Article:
Gide managing partner: we're moving on together
16 May 2014 | By Joanne Harris
12 May 2014
20 January 2014
16 January 2014
2 December 2013
15 April 2014
Gide Loyrette Nouel’s managing partner Stéphane Puel is leading the firm into a new era and trying to put recent challenges behind him.
“Last year was a transition year,” says Gide Loyrette Nouel managing partner Stéphane Puel of 2013 for the French firm.
Puel has now been in charge of Gide, France’s second-largest firm by revenue and headcount and the longest-standing institutional firm in the country, for just over two years. The funds partner took over from Christophe Eck at the start of 2012 (6 December 2011), inheriting an outfit which was struggling with the financial crisis and its own internal strategy.
The following 18 months or so proved torrid for Gide. Although it has stabilised its turnover somewhat in the past three years, reporting revenue of around €192m for 2011, 2012 and 2013, it has done so by continually reducing headcount.
In particular, the first months of 2013 saw several high-profile partner departures in Paris - restructuring partner Olivier Puech quit for Bredin Prat (10 January 2013), real estate partner Erwan Le Douce-Bercot moved to Freshfields Bruckhaus Deringer (7 March 2013), corporate duo Serge Tatar and Renaud Rossa left for boutique Lacourte Balas Raquin (8 March 2013), and corporate partners Antoine Bonnasse, Youssef Djehane and Jean-Emmanuel Skovron launched boutique BDGS Partners along with former colleague Antoine Gosset-Grainville and two Gide associates (22 March 2013).
Things then seemed to stabilise, before the announcement in October that the firm was hiring a 19-lawyer team from Morgan Lewis & Bockius (16 October 2013). Not only was the move one of the largest lateral hires in Paris for some time, it also marked a step-change in Gide’s strategy - this is a firm which has traditionally grown organically, particularly in Paris, and the hires took many by surprise. Gide then turned to Dentons for two restructuring partners in the New Year (16 January 2014).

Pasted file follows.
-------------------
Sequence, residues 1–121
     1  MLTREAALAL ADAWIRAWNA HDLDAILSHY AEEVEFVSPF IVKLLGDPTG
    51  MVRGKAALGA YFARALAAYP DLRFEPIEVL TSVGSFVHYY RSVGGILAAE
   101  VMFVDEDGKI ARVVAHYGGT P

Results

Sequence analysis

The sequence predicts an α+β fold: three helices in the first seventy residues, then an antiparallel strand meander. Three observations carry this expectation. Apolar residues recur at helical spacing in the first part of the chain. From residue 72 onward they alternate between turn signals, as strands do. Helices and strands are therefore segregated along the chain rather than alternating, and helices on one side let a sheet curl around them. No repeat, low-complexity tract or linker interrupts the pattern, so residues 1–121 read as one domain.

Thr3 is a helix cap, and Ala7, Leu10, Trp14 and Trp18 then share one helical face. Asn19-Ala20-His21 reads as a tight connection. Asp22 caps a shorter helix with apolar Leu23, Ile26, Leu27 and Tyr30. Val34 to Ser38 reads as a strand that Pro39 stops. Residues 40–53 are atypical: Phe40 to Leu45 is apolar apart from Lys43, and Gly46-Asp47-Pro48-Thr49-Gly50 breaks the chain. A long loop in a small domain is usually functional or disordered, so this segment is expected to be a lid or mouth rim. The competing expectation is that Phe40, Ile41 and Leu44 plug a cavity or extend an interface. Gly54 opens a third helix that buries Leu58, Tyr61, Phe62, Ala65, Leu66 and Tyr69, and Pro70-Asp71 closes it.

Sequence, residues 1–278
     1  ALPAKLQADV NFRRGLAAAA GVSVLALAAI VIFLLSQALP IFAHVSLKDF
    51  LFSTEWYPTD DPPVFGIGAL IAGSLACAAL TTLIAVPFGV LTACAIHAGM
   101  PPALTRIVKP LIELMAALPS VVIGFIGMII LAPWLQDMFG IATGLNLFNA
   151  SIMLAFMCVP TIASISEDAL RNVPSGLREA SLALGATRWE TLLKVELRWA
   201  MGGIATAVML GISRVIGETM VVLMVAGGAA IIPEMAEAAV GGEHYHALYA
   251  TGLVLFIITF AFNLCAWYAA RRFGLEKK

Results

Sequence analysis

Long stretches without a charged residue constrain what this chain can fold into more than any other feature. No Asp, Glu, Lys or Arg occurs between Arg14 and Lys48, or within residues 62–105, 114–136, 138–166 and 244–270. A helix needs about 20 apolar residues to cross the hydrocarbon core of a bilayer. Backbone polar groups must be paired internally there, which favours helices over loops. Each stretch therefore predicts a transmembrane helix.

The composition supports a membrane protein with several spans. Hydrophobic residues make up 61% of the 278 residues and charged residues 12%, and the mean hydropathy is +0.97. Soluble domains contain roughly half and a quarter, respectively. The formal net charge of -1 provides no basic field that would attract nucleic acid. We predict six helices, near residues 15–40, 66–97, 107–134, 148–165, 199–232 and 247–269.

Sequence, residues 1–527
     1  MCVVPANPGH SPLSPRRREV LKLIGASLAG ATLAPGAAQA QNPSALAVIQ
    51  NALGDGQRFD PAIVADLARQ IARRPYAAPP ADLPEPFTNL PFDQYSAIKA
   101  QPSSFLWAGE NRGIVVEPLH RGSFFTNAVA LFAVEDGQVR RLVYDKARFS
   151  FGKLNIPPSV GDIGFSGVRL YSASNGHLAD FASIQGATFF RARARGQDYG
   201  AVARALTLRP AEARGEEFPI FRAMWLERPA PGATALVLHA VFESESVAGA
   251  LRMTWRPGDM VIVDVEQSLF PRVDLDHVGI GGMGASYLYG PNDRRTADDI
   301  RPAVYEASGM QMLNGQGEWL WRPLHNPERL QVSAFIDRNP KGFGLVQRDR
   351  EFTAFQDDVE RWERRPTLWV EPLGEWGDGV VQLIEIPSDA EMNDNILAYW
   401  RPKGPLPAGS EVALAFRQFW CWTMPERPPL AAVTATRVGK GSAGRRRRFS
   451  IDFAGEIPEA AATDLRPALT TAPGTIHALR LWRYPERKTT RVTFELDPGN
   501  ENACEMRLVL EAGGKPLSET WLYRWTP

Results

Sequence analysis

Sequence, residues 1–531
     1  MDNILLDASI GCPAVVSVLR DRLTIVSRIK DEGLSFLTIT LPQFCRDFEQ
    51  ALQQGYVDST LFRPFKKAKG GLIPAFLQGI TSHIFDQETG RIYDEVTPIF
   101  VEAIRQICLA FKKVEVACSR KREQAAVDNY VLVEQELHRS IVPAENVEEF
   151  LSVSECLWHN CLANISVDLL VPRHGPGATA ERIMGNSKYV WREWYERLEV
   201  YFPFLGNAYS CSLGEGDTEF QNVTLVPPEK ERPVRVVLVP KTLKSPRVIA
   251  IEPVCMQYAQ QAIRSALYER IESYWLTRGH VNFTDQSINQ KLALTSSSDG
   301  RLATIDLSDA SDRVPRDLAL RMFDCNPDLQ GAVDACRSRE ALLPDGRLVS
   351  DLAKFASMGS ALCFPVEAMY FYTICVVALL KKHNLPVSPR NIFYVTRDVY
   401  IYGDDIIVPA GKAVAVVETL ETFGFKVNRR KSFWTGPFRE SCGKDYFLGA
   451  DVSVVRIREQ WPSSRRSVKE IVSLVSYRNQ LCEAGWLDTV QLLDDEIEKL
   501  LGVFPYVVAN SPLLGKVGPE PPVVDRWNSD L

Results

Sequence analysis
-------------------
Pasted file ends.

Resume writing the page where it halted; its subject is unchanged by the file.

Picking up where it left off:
Puel says the move came after 18 months of considering the firm’s position in the market and a recognition that it needed to build up in its core areas - M&A, banking and finance, litigation and employment.
“It’s really the core of our activity which we’re trying to develop, and more recruitment might come in the future,” he says.
Indeed Gide has also recruited internationally, picking up a team from German firm Beiten Burkhardt in Kiev in December (2 December 2013). The timing, just before Ukraine’s political crisis exploded, was unfortunate, but Puel is confident there is still work in the country.
Puel’s tenure so far has also seen a shift in Gide’s international strategy. Although the firm has not moved away from its own network of international offices, since late 2012 (26 November 2012) it has been developing an alliance with Italy’s Chiomenti Studio Legale, Iberian firm Cuatrecasas Gonçalves Pereira and German firm Gleiss Lutz. The alliance’s development has led to office-sharing in London, with Cuatrecasas recently joining Chiomenti in empty space leased by Gide (15 April 2014). More of the same is planned in other jurisdictions where the quartet all have a presence, such as Brussels or Shanghai.
But France remains Gide’s core market and this has been a key focus for its managing partner in recent months. As turnover has stabilised, Puel has been examining costs - including the staffing of transactions, driven by client demand for value. He says profitability has also stabilised.
“The French market has deeply evolved because of the boom of niche firms and the greater presence of international firms, which creates for us competition on both sides,” he says. “This has led us to evolve.”
Puel thinks that Gide over recent months has become a more collaborative place to work with a more targeted sense of where it wants to be. Sources within the market have commented that Gide had begun to lose its way in this regard, with some suggesting that partners had become over-protective of their own clients.
“We’re different in the sense that we’re much more aware of our weaknesses and strengths,” Puel claims. “I think that the partners and associates in Gide right now know exactly what they want to achieve.
“We’re really much more on the offensive than we used to be five years ago. We have to be, and we have to remain a business instititution in our clients’ eyes. The recruitment is driven by that.”
Puel adds that the firm’s management has presented the firm’s strategy to associates, explaining why recruitment is important and that developing talent remains core to Gide. He says this was well-received.
Perhaps having Puel at the firm’s helm will help convince its lawyers this is the case. He has only been a partner at Gide since 2006, having joined the firm from university in the late 1990s. Having a younger managing partner is a real sign that the firm is attempting to move into a new phase of existence as it nears the centenary of its original foundation by Pierre Gide in 1920.
But Puel’s challenge remains to get Gide back into growth mode. Stabilisation is all very well, but with the vast majority of French firms in The Lawyer European 100 2014 reporting turnover growth, Gide must find a way to join them.